This place is too noisy

This place is too noisy is the final piece created as part of my MFA degree at RISD. There is no limit to the amount of people visiting the installation beyond the reduced dimensions of the space. The visitors go across a dark corridor with a small gate at the end, on the right side of the wall. That entrance connects the corridor with a room shaped like a cone. There is no light inside that space except a small point of light filtered from the ceiling on the opposite side of the structure. Walls, floor and ceiling guide the visitors to that extreme end of the room. The cone ends in a small cubicle, a small room for a single person. Once the visitor is inside that cage they feel a subtle vibration through their bodies.

This piece is the most architectural of all my works. The space is determinant to build the liminality of the work. In this case, the ritual consists in crossing the corridor and getting into the cone. This installation is built from the idea of the dichotomy between light and darkness. From the light outside the room, the visitor walks to the darkness at the end of the corridor, the darkest point of the installation. Then, he or she walks again to the light of the small cubicle at the end of the room. Another element that builds the liminal effect of the piece is the distribution of the spaces inside the room. The long corridor is a threshold to gain access to the conic chamber where the walls are more and more close in every step we take. All the architectural elements point to the small chamber at the end of the cone.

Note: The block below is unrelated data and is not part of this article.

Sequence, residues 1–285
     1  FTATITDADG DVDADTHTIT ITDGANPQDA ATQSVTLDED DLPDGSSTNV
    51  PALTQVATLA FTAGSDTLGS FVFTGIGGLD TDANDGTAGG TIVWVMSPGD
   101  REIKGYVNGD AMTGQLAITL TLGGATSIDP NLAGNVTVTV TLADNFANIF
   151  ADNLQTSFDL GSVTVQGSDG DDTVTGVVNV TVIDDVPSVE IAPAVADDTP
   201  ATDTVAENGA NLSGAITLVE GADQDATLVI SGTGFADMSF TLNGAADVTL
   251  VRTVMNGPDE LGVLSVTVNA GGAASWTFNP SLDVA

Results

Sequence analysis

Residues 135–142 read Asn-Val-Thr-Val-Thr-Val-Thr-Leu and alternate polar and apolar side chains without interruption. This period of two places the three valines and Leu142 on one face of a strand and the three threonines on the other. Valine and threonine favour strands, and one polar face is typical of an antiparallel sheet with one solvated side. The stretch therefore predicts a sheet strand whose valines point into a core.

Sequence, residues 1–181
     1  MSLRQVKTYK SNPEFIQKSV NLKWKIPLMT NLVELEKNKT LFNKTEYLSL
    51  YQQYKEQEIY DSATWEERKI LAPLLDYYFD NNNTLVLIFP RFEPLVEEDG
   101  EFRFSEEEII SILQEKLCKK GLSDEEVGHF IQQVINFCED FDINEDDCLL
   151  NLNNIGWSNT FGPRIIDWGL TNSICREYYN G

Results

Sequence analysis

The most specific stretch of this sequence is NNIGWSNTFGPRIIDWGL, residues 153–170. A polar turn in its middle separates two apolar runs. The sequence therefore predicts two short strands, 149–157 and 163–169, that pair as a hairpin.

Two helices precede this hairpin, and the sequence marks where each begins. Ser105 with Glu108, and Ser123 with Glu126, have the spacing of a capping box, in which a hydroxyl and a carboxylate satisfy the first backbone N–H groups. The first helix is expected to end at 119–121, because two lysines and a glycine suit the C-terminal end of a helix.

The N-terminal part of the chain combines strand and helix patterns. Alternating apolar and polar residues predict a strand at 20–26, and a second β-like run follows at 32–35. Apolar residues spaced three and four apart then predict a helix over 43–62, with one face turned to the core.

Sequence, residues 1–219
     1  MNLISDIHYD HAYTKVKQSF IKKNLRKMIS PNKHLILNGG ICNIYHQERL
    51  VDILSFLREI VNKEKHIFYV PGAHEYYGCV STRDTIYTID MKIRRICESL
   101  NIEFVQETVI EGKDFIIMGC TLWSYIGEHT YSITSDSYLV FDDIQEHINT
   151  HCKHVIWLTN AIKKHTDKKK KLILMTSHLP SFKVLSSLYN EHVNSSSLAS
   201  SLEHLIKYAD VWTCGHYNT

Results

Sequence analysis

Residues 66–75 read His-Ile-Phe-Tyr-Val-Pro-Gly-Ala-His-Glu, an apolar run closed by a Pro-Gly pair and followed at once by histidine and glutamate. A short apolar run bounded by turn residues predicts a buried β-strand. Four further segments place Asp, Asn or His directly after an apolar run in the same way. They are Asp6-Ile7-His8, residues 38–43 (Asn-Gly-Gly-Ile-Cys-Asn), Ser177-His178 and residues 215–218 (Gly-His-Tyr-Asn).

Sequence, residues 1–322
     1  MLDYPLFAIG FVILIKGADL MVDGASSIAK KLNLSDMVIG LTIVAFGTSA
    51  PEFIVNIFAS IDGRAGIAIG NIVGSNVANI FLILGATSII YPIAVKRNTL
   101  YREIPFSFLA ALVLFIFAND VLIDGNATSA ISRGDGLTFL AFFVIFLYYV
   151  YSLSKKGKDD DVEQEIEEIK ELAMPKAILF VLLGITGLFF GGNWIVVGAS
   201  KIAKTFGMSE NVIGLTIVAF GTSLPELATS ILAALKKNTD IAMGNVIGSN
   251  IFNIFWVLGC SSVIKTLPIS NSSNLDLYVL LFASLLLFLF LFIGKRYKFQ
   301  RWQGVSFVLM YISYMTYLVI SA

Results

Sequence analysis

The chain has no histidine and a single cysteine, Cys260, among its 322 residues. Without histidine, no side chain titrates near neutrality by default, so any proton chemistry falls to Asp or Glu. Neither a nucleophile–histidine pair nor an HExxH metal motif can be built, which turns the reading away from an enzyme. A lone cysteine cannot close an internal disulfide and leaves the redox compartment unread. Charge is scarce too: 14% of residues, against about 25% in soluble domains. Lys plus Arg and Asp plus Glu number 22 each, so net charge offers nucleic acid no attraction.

In visual terms, the illuminated small cubicle works as a point of light at the end of the tunnel, a place of discovery or realization. This recalls the work of James Turrell. The internal structure of the room also refers to a speaker’s construction. Here is where the sound element of the piece, the core part of the project, starts its work. Inside the chamber, the visitor experiences a very subtle vibration. This vibration pressures the visitor’s head and makes his or her body vibrates from the feet to the top of the head. This sensation is generated by the low frequencies and infrasound of the Convention Center.

The main exhibition building in Providence has a permanent sound generated by its AC. In addition to that, during the Graduate Exhibition, that noise is mixed with the sound of every piece and the conversations of the visitors, who number 3,000 during the opening.

Being such a crowded show, making the experience as individual as possible is central. The corridor is three feet wide, so two people can walk in together. However, the cone gradually reduces the social space of the visitor, forcing him or her to go inside the chamber completely alone. This is where the dialog starts.

Images: Detail I, Detail II, Physical Sensation, Plan of the Installation.

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